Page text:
Hippo Manchester
August 11, 2005

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Wake up to Chester

Way brothers front a “The River” sort of band, release album

by Richie Victorino 

Probably the most important thing Scooter Way learned at Penn State University and University of New Hampshire resulted from spending his money, intended for textbooks, on a guitar.

His college buddy Chester and he noticed something very intriguing about other college guys who played guitar.

“They always had girls hanging out in their dorm rooms,” Way said.

That was enough to convince him.

Chester and Scooter started performing a two-man show and both seemed to enjoy what they were doing.

But Chester began to lose interest, and he and Way went their separate ... well, ways. Way didn’t ever want to forget who was with him when he made that fateful decision to buy a guitar, he named his soon-to-be-formed band Good Morning Chester.

After Chester left his side, Way continued on with the music and soon realized school just wasn’t for him.

“There came a point I wasn’t interested in going to class anymore,” Way said. He dropped his classes and picked up a cover band. And he had a good run with his cover band as well, booking three to four gigs a week.

His little brother Mike, who had just recently started playing guitar, joined the band. Mike was envious of his older brother’s guitar chops, like Scooter was envious of those college guys with the girls in their dorm rooms.

“Five months later he was playing just as well as I was, and I had been playing for four or five years, “ Way said.

But Good Morning Chester, the cover band, came to a crossroads that many cover bands come to.

“I realized singing someone else’s songs wasn’t fun anymore,” Way said. The band took a hiatus, while Way played a solo act for a few months.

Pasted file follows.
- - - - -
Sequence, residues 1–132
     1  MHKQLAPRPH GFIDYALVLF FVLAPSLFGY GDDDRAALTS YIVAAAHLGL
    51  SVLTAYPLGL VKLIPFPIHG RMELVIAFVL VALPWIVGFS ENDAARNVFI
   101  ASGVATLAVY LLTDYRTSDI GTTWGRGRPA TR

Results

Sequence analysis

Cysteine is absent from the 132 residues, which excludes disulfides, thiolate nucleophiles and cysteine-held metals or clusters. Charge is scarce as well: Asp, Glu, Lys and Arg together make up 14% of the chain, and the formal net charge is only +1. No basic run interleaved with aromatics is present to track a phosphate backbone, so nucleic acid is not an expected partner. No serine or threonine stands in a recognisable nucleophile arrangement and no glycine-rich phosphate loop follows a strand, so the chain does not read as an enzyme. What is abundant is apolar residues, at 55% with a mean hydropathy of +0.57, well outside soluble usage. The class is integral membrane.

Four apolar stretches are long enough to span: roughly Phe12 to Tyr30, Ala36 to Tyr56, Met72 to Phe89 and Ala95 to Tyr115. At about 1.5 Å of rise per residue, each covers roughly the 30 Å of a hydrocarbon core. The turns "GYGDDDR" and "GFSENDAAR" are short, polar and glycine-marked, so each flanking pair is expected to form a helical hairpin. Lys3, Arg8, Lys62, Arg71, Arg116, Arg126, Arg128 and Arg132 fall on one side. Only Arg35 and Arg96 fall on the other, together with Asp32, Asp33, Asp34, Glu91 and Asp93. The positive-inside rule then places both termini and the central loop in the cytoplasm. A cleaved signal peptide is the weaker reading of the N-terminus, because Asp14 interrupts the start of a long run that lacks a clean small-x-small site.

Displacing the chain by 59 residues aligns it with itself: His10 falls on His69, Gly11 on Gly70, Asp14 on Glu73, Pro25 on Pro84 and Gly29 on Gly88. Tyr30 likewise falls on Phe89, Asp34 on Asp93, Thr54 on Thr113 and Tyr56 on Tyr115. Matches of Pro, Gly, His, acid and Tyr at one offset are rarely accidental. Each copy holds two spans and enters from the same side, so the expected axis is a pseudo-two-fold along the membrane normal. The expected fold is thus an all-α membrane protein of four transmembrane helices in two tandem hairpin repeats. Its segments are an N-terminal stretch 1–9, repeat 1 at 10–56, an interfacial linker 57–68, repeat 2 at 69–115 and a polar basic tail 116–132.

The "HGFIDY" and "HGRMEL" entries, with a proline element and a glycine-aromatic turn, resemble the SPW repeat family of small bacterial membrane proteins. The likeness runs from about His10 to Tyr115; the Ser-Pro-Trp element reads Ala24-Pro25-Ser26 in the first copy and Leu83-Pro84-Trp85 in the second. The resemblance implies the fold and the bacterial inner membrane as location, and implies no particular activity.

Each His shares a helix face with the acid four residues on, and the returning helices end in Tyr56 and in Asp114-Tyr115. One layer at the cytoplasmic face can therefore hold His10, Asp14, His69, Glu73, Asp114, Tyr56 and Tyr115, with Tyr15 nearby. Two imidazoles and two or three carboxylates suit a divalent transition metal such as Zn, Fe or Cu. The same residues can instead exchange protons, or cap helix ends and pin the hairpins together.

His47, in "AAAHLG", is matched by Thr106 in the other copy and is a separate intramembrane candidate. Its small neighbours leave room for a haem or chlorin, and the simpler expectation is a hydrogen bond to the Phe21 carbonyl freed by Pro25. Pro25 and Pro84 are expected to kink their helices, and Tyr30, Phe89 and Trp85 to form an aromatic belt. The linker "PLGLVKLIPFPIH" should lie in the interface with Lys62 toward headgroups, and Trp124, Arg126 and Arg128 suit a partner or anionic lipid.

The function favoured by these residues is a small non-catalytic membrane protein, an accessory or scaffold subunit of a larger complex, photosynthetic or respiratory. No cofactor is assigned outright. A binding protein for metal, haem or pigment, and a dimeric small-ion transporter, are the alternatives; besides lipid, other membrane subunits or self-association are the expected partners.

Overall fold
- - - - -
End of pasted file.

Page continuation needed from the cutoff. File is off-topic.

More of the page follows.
After six months, Mike and Scooter came to each other and decided the time was right for them to make an original CD.

They started recording a four-song demo in New Jersey. But the music the Way brothers created impressed even themselves, and they opted to make a full-length 10-song CD.

What comes out of Little Things is anything but cover material.

Way’s hiatus from playing other people’s songs allowed him time to reflect on life, take notice of small details, and write 10 beautifully arranged tracks that have the lyrics of a singer/songwriter, yet the sound of a full band.

Little Things is the Way brothers. Good Morning Chester’s current keyboardist and drummer aren’t on that album, just Scooter and Mike, with the help of producer John Taglieri filling in on drums and bass.

And although Scooter might be the prominent songwriter in the family, he has  nothing but praise for his younger brother’s guitar chops.

“He’s never taken a lesson and he’s never really been into guitar players. It’s not like he’s been listening to Steve Vai since he was six,” Way said. “His emotions just bleed out in the guitar.”

The band

Good Morning Chester is: Scooter Way, vocals/rhythm guitar; Mike Way, lead guitar; Jeff Brunell, keyboards; Brad Gaduette, drums.

Where to hear the music: You can get the album online at www.goodmorningchester.com. If you sign up for the mailing list you can get access to an archive of old pictures and old live shows. You can also hear cuts from some of their tracks.

The sound

Little Things 

*** 1/2

Little Things is a light sound of acoustic rhythms and basic electric leads. There isn’t this over-saturation of distortions, delays or other manufactured sounds. Mike Way’s electric lead bounces in and out of Scooter’s rhythm without intrusion, like in track two, “When You’re Older.” My first thought on hearing this album was, “These guys aren’t from around here ... are they?” If you like the less-than-angst side of music you’ll like this album. Their sound is what you’d expect to hear from 92.5 The River. It’s an album that cries for summertime drives with the top down, but also for rainy days spent inside. It’s good to hear alone, or sing along to with friends. There’s a positive energy as well as somber sounds. “Get On It” starts off the album and demonstrates the band’s demeanor. There’s a pop sound to them, but not in the boy-band kind of way. Their harmonies blend beautifully and they’re able to play a tune that gets your head bopping, like “About Today.”  Little Things is a return to stripped-down music at its finest. This is definitely an album worth listening to.